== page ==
History of Hanko

Hanko is situated in a strategically important location, which has largely affected the history of the town and the surroundings, where many battles have taken place. The trails of war can be traced back hundreds of years and a lot them are still tangible today.

The establishing of the city

Hanko’s history is intertwined with the history of seafaring, and Hankoniemi as a berth was mentioned for the first time in the late thirteenth century. From the fifteenth century on, the Pike’s Gut (Hauensuoli), a narrow strait between two islands, was used as a harbour due to its sheltered position. The island´s rocks are covered with people’s names and coats of arms, carved by seafarers while they waited for favourable winds.

The port of Hanko became operational after the railway was completed in 1873, and Hanko was granted town charter in 1874.

An excerpt from the ‘gracious charter of foundation’ from 1874:
‘We, Alexander I, Emperor by the grace of God and absolute ruler of all of Russia, Tzar of Poland, Grand Duke of Finland, etc. etc., hereby make known that We, the Finance Department of the Finnish Senate, with the confirmation of the Governor-General of the country, have seen it good to graciously announce that a coastal town with the rights to practice foreign trade, to be called Hanko, is to be founded on the so-called Hankoniemi land…’
(Source: Hanko-vuosiluvut kertovat (Hanko year by year) by Birgitta Ekström)


The Spa Park

The villa area in the Spa Park was built in the late nineteenth- and early twentieth century, and Hanko’s life as a spa town began. The villas, representative of ornate timbered architecture, were designed by well-known architects. After the Continuation War (1941-44) the actual spa building (that had been badly damaged during the war), was torn down.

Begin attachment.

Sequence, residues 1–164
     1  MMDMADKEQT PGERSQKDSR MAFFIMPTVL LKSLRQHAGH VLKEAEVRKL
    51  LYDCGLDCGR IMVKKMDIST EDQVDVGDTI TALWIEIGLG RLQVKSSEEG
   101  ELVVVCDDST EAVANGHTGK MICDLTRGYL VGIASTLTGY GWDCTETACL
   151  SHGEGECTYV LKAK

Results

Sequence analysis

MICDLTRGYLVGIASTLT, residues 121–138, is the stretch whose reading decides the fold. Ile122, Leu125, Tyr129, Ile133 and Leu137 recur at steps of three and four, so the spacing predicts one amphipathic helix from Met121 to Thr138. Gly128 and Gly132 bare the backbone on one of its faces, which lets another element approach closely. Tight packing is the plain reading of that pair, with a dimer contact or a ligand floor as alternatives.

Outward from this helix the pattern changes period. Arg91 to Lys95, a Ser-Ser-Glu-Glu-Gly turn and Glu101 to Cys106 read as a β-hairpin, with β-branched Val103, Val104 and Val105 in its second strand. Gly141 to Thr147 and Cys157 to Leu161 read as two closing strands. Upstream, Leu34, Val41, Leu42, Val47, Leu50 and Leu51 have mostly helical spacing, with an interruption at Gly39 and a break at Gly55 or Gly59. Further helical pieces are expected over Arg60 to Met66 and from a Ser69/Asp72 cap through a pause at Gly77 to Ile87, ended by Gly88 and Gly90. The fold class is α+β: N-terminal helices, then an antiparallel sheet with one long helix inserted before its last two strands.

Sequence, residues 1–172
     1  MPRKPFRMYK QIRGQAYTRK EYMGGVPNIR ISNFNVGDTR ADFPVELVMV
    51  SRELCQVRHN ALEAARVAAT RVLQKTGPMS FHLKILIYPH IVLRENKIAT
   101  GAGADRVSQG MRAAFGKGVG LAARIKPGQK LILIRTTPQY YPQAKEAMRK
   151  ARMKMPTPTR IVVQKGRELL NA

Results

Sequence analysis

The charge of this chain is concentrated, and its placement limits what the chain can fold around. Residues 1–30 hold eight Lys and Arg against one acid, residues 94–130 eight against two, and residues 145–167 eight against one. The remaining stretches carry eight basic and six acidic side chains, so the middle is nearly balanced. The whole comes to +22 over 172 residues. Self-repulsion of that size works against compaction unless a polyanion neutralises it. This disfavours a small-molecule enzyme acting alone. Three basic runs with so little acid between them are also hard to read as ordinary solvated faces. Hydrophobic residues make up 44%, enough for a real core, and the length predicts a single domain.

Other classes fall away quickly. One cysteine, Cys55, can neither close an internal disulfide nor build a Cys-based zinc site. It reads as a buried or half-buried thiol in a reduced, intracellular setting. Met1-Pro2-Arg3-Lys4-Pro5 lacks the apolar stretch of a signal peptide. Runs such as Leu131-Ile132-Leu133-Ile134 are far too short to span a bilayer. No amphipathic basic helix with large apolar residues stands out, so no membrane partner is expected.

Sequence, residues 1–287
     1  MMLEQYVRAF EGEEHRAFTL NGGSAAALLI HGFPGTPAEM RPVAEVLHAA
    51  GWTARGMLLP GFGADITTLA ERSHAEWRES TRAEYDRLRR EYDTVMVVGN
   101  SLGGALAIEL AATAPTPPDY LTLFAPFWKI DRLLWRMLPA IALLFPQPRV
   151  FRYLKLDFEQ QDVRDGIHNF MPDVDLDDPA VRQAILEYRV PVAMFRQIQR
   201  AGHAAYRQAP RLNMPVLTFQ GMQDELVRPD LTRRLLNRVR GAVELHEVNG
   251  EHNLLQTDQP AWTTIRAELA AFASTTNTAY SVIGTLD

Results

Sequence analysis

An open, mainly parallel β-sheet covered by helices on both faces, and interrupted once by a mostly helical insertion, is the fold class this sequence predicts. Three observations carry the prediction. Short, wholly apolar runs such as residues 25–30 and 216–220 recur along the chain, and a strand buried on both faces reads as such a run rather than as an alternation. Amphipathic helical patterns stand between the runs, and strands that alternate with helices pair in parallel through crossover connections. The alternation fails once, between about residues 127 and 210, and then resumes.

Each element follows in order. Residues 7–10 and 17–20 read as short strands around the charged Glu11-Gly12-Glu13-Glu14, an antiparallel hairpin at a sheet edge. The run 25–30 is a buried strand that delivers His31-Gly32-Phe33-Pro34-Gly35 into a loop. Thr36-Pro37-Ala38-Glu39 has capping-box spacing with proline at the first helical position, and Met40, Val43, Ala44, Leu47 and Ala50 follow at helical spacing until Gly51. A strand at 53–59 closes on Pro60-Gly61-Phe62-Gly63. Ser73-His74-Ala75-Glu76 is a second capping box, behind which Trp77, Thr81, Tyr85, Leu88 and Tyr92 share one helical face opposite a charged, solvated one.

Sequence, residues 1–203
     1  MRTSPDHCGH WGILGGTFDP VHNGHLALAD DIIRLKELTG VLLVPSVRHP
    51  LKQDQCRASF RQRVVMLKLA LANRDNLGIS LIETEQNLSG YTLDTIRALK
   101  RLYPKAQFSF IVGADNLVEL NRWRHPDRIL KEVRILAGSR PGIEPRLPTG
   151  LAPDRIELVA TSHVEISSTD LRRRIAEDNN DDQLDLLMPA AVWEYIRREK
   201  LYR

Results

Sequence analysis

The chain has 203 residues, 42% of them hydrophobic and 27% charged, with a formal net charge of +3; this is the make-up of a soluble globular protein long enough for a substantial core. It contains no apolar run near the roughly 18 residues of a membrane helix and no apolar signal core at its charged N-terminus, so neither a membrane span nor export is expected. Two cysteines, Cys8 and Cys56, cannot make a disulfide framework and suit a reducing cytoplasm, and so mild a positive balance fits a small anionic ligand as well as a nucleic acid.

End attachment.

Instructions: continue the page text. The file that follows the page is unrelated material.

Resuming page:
The Hankoniemi cape is strategically situated, and has in the past been the stage for many battles. Starting from the early seventeenth century, customs duties were collected at the tip of the cape, where a small military fortification was built. Sweden started building actual fortresses on the cape in the late eighteenth century, and three islands near Hanko were fortified. In the early years of the nighteenth century the fortifiers were Russians, and the defences in Hankoniemi were part of Peter the Great’s sea fortress. After the Winter War (1939-40) Finland surrendered Hankoniemi to the Soviet Union for use as a military base. When the Continuation War started, the front line was in Lappohja, but bloody battles took place on the islands surrounding the cape as well. In early December 1941, Hanko was recaptured and the evacuated residents returned to rebuild their war-battered town.

Industry, the port, and tourism became the supporting pillars of the town, and continue to be so.

Hot tip!

Learn about war history in the Hanko Front Museum. The Museum is authentically situated at the actual front line of the war (summer of 1941). In the terrain around the museum you can still see traces of the war, which are presented along the so called “War Path”. The new permanent exhibition focuses on the events in Hanko during the war of 1939-1941.

War memories

Sights connected to 1940-41

• The monument of pioneers: there are 22 names on the monument of pioneers. These soldiers were killed in action and 13 of them died in an explosion on June 30th 1942. The monument was erected by their companions-in-arm in 1942. The monument is located about 14 km from the town centre, at the crossing of the roads Santalan Kartanontie, Krogarsintie and the main road 25 to Tammisaari, Hankoniementie.
• Anti-aircraft battery, Kansanpuisto
• Light coastal battery, Varisniemi and Puistovuoret
• Artillery railyard, 305 mm artillery foundations in Tvärminne
• The Soviet monument: 453 Soviet soldiers are buried close to the monument, 267 of them unidentiefied. They were killed in action during the Continuation War. The monument is located along the road Täktomintie about 1,5 km from the beginning of the road.


Further sights